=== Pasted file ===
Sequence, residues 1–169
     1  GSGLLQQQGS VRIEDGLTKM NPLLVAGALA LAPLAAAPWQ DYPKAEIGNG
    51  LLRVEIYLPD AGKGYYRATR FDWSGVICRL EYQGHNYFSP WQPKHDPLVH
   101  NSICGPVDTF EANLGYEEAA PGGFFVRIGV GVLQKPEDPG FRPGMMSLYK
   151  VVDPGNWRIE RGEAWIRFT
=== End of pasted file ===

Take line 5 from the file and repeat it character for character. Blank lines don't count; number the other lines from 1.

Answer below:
   151  VVDPGNWRIE RGEAWIRFT